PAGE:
Cooperative Extension
MG Manual Home
Chapter 2:   MG Manual Reference
Ch. 2, pp. 1 - 43

Soils and Fertilizers

Soil is formed when rock (parent material) is broken down by climate, organisms and vegetation over a period of time. It is made up of weathered rock fragments and decaying remains of plants and animals (organic matter). It also contains varying amounts of air, water, and microorganisms. It furnishes mechanical support and nutrients for growing plants.

Fertilizers are materials containing essential plant nutrients that are added to the environment around the plant. Generally, they are added to irrigation water or soil, but some can also be added to the air or sprayed on plant leaves. Fertilizer is not plant food; plants produce their own food using water, carbon dioxide, and energy from the sun. This food (sugars and carbohydrates) is combined with the plant nutrients to produce protein, enzymes, vitamins, and other compounds essential for plant growth.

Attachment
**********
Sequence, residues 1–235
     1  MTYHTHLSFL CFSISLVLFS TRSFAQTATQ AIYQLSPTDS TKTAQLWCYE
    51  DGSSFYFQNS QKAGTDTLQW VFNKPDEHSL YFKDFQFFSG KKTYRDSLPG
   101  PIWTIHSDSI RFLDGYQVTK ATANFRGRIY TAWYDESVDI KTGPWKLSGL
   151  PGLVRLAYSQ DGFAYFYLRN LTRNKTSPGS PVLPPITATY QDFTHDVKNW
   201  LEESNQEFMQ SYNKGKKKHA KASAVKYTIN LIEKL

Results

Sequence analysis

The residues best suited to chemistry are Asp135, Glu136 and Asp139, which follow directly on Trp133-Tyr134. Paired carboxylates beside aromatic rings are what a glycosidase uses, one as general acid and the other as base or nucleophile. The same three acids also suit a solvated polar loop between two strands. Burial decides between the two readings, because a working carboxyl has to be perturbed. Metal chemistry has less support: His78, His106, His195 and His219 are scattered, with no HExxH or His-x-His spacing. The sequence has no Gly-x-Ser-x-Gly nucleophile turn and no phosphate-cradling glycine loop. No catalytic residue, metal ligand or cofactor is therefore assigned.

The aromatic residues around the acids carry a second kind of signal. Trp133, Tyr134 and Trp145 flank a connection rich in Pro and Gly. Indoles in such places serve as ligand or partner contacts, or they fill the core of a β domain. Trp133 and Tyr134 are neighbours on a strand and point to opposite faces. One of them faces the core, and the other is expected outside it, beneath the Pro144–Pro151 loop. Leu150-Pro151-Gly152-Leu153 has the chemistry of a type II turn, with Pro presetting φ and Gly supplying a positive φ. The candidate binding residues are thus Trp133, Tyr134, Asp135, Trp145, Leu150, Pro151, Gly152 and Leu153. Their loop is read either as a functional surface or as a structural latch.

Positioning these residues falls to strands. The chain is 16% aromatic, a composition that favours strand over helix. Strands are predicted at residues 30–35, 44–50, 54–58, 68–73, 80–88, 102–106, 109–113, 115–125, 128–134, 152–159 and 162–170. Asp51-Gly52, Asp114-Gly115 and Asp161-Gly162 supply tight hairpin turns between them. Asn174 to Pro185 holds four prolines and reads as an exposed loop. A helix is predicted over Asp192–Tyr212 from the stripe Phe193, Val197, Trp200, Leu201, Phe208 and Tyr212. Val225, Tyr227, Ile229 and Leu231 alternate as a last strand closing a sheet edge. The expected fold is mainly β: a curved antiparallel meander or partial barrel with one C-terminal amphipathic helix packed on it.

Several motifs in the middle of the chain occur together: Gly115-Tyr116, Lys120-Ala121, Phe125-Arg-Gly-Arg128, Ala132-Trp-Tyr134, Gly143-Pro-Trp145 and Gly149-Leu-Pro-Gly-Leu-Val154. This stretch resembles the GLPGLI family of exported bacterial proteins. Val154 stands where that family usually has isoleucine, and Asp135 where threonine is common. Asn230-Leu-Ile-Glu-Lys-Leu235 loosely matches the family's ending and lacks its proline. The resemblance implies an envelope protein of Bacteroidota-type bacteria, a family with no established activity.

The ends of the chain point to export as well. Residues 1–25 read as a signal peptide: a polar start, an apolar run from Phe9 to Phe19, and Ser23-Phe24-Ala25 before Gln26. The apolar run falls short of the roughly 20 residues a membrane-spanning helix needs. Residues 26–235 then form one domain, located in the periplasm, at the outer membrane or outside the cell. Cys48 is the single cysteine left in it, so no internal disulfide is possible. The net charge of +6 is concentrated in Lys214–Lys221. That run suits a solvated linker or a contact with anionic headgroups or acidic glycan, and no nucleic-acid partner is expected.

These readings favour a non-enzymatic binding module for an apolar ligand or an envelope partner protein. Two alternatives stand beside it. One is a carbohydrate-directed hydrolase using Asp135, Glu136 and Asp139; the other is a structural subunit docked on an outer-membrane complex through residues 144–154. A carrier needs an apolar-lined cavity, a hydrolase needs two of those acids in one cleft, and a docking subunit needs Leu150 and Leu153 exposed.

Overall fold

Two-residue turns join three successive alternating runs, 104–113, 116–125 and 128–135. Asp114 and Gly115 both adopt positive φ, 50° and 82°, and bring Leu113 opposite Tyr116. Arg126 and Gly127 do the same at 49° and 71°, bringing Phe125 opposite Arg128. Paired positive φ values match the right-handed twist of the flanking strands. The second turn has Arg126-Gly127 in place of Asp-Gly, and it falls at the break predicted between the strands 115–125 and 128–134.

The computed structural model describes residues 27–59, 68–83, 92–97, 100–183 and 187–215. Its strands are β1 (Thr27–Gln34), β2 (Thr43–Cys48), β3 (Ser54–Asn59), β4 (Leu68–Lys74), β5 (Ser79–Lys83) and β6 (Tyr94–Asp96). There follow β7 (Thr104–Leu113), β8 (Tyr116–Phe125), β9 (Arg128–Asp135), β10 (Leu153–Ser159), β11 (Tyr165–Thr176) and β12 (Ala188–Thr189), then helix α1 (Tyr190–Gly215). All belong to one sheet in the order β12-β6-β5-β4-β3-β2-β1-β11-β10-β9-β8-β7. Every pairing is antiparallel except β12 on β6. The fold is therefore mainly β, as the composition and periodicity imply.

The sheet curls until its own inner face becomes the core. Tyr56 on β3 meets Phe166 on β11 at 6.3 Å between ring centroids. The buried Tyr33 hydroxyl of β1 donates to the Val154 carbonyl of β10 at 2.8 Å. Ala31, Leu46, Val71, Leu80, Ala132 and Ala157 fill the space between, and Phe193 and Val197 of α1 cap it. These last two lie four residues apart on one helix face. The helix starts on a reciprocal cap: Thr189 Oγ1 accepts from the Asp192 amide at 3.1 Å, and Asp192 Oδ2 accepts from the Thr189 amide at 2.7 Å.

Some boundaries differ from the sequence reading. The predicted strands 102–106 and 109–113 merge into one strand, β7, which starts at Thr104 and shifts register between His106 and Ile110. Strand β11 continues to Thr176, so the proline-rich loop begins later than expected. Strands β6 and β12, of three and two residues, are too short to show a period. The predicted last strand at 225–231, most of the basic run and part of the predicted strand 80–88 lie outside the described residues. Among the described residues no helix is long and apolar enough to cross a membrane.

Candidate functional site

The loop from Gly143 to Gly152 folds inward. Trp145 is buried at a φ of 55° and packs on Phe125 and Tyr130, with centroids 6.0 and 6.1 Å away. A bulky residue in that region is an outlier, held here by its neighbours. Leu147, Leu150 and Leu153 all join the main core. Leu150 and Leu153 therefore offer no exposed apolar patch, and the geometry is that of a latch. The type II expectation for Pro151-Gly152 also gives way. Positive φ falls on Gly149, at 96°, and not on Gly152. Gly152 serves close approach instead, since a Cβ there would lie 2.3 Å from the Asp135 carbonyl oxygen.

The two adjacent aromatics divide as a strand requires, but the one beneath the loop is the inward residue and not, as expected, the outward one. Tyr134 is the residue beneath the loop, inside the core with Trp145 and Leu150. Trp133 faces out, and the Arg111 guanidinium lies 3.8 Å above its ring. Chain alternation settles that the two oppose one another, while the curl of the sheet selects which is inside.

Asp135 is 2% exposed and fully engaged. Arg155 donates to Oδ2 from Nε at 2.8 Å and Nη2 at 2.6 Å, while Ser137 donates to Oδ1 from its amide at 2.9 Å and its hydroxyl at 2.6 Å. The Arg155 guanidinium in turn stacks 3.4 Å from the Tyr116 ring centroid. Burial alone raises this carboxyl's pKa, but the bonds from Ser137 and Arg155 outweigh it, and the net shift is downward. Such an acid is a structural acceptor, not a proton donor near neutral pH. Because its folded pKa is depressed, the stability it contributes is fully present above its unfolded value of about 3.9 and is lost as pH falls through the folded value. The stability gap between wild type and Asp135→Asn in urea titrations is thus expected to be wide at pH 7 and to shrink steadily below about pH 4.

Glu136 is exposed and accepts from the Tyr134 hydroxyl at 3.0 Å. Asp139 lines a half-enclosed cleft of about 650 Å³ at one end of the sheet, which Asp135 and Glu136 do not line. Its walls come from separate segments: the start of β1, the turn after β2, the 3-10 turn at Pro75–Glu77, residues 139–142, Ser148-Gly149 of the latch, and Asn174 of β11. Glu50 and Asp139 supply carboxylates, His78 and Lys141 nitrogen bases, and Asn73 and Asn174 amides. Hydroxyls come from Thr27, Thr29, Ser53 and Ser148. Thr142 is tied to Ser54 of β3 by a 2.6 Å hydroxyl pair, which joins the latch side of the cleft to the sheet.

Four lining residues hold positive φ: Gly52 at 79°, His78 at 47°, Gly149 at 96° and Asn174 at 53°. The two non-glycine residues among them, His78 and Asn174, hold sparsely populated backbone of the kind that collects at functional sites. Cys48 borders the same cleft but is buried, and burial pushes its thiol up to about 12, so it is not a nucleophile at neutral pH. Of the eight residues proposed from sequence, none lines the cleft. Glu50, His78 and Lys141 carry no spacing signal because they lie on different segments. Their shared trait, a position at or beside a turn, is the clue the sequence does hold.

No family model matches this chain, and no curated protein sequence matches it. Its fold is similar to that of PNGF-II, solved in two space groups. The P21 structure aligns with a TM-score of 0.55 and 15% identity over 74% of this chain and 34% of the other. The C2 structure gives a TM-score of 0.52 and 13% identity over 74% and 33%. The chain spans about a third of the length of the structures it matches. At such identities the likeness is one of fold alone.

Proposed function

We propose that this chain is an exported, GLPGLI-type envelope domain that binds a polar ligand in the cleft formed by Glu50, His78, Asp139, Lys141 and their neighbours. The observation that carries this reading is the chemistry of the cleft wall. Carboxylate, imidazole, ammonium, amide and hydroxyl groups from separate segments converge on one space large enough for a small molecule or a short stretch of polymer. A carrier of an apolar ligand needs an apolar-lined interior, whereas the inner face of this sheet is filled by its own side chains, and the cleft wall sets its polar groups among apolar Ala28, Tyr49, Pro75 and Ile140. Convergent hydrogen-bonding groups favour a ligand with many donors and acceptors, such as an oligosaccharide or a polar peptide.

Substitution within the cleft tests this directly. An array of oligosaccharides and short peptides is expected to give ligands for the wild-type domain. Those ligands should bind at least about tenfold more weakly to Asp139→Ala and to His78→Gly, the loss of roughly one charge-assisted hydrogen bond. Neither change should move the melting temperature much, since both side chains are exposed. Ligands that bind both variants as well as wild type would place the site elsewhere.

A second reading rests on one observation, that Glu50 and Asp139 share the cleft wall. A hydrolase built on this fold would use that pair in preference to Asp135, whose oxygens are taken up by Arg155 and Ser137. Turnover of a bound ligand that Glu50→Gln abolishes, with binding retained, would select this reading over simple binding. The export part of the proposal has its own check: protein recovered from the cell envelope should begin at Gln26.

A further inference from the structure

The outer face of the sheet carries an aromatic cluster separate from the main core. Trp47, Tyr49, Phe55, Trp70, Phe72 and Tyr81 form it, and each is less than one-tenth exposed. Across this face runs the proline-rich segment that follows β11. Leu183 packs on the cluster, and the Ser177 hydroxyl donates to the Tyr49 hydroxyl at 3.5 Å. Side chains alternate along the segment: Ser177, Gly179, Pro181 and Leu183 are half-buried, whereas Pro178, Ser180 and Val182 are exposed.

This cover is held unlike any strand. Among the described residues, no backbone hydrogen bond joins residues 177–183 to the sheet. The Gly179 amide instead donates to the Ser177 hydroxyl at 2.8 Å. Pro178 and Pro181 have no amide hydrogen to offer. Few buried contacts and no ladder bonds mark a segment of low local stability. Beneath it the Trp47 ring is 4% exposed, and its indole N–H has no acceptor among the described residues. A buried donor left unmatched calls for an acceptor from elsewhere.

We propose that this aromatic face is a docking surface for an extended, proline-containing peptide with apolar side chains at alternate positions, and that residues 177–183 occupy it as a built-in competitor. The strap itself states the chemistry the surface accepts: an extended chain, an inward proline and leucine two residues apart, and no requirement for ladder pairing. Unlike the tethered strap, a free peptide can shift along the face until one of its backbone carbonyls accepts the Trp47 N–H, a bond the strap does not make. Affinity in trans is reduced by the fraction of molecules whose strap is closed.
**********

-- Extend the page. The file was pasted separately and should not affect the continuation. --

Chapter 2 Index:

[ Soils | Properties | Classes | Caliche | Depth | Components | PH ]

[ Fertilizers | Analysis | Types | Organic | Applying | Application | Improving | Compost ]

Search Index Comment

This site was developed for the Arizona Cooperative Extension, College of Agriculture, The University of Arizona.
© 1998 The University of Arizona. All contents copyrighted. All rights reserved.